Under their leadership, Qi was reformed and became primus inter pares among the Chinese states, with Duke Huan rising to Hegemon of China. Toward the end of Huan's long reign, however, Qi's dominance began to crumble. A military alliance led by Qi failed to stop the growth of the expansionist state of Chu, suffered defeat against it during the Battle of Loulin. Duke Huan's authority over the other states declined, a development accelerated by Guan Zhong's death in 645 BC. Having grown ill, the elderly duke proved to be no longer able to keep the various political factions in his own realm under control; these factions were led by six of his sons: Zhao, Pan, Shangren and Yong. Since all of them were the children of different concubines instead of Duke Huan's three main wives, each of these six considered himself entitled to the throne; the designated heir was Prince Zhao, Duke Huan and Guan Zhong charged the ruler of neighboring Song, Duke Xiang to ensure his succession. With Guan Zhong's death and the old duke of Qi's health worsening, Wukui, Shangren and Yong voiced their opposition to Zhao's position as designated heir.

Their pleas to make one of them the next ruler failed to sway Duke Huan, but he could not prevent them from plotting against each other. In consequence, the brothers gathered followers and prepared for the inevitable showdown between them. Duke Huan died in late 643 BC. According to the Guanzi and some other texts from the Warring States period, he was starved to death by four conspiring officials. Other notable sources for these events, such as the Zuo Zhuan and the Records of the Grand Historian, do not mention this. With the duke dead, the situation at the court escalated; the factions of crown prince Zhao and his rival brothers all took up arms against each other, the capital city of Linzi descended into violent chaos. Wukui, had two powerful allies at the court: Diao, chief of the eunuchs, Wu, the chief cook; the Guanzi claims. A party led by Diao and Wu managed to take control of the palace and murdered all rival officials they could capture. On 11 November 643 BC, Wukui was crowned the new duke of Qi.

Only was the late Duke Huan encoffined. Despite his coronation, Wukui's rule proved far from secure. While Pan, Shangren and Yong all remained at large, it was Zhao who presented the greatest threat as he had fled to Duke Xiang of Song and asked for assistance; the ruler of Song promptly assembled an alliance against Wukui, consisting of Song, Cao and Zou. The armies of these states, led by Duke Xiang and Prince Zhao, proceeded to invade Qi in March 642 BC. Wukui, on the other side, had won the support of the state of Lu, which sent an expeditionary army in order to aid him against the invaders. In the end, Wukui was murdered before the conflict could be decided on the battlefield. Growing fearful upon hearing about the Song-led invasion, the people of Qi revolted and put the usurper to death so that they could to welcome Prince Zhao as new duke; as the news about Wukui's death spread, it was assumed that Zhao's ascendancy to throne had become inevitable, whereupon Cao, Wey and Lu withdrew their armies from Qi.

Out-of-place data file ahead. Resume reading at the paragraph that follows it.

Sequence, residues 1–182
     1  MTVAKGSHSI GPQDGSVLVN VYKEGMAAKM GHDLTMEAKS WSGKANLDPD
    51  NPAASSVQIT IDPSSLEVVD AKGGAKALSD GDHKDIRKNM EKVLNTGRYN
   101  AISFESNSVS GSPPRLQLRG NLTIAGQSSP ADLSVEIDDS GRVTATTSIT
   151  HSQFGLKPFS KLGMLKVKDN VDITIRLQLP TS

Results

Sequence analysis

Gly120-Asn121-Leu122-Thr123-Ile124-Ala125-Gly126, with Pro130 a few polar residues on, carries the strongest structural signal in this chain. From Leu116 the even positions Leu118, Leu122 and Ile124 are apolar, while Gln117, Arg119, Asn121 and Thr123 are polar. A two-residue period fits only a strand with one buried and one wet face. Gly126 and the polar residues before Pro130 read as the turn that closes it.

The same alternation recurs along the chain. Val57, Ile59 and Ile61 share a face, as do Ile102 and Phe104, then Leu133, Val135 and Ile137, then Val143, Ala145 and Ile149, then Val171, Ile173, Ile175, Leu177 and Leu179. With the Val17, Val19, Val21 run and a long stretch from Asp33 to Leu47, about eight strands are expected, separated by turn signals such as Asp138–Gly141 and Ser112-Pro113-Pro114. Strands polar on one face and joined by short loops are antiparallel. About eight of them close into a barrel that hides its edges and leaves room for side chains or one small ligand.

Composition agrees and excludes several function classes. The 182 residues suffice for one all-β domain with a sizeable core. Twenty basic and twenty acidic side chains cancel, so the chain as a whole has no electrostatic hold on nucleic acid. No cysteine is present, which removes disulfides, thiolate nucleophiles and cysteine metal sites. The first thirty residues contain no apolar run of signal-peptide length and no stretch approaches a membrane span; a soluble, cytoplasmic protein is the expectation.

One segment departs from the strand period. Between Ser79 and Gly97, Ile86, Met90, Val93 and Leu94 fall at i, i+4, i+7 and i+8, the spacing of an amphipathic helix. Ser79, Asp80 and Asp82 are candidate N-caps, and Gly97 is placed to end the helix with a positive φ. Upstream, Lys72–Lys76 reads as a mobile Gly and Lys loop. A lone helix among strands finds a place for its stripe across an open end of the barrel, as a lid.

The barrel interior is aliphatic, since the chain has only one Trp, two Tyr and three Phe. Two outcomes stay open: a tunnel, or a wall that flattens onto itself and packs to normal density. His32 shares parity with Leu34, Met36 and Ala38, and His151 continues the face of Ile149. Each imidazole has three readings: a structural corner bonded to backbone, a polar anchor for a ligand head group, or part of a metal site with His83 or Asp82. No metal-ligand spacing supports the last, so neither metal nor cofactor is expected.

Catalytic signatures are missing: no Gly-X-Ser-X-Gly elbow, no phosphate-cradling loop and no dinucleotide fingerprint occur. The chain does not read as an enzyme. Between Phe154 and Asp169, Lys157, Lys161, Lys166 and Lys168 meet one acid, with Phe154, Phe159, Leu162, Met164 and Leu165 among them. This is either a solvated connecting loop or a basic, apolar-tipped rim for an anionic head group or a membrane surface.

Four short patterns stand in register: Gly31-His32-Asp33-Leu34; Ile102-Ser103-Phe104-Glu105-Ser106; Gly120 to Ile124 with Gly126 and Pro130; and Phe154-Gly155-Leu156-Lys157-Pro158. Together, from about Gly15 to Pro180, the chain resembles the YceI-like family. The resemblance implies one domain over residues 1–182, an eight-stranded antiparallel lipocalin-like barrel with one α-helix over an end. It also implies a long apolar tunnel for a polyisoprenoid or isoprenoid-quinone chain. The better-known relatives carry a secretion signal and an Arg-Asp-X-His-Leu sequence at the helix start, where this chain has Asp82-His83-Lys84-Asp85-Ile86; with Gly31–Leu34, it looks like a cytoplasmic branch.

In truth, the crown prince's position was not yet secured: As he was about to be enthroned by the people in the capital, Shangren and Yong returned with their adherents and attacked his party. Thus, Zhao was again forced to escape from Linzi as his rival brothers took control of the government and formed an alliance against him; the crown prince fled to Duke Xiang of Song who still remained in Qi with his army, requested his help. Meanwhile, the united army of the four brothers sallied forth from Linzi in order to drive the troops of Song from Qi; the two forces met on the battlefield at Yan. The four brothers fled from Qi. With the succession war concluded, the army of Song returned home. Pan, Shangren and Yong were still active and continued to conspire against the newly crowned duke. Soon after their defeat at Yan, the Beidi invaded and ravaged Qi in order to

Nothin Personal

Nothin Personal is the debut mixtape by American rapper Cozz and was released on January 4, 2016 by Dreamville Records and Tha Committee Records. The mixtape includes features from label-mate Bas, as well as Boogie, Correy C, Free Akrite; the production of this mixtape is handled by Meez, but includes guest producers from D2, T. Lew, Mike Almighty. On December 8, 2015, Cozz announced the mixtape while releasing two new songs which appeared on the Dreamville compilation album, Revenge of the Dreamers II, "Tabs" and "Grow". On December 31, Cozz announced the release date of the mixtape along with releasing "My Side" on the same day. A day before the mixtape's release, Cozz shared another single, titled "Who Said", on January 3, 2016. On February 25, he released the official music video for "Tabs" featuring Bas. On May 27, the single "My Side" was made available to Spotify with the official music video being released on May 31. Upon its release, Nothin Personal received positive reviews from critics.

Scott Glaysher of HipHopDX rated the mixtape 3 out 5 saying, " pretty clear that Cozz considers himself underrated amongst his rap peers, as he mentions that idea frequently" and " a year removed from that solo debut, Cozz still has a lot of time to show and prove. Nothin Personal isn’t perfection or an obvious contender for “2016 project of the year,” but it’s good enough to keep us from writing Cozz off, for now." Paul A. Thompson of Pitchfork Media gave the mixtape a 6.9 out of 10 saying "His new offering, Nothin Personal, is a low-concept stroll through the Crip-controlled blocks of Cozz’s youth."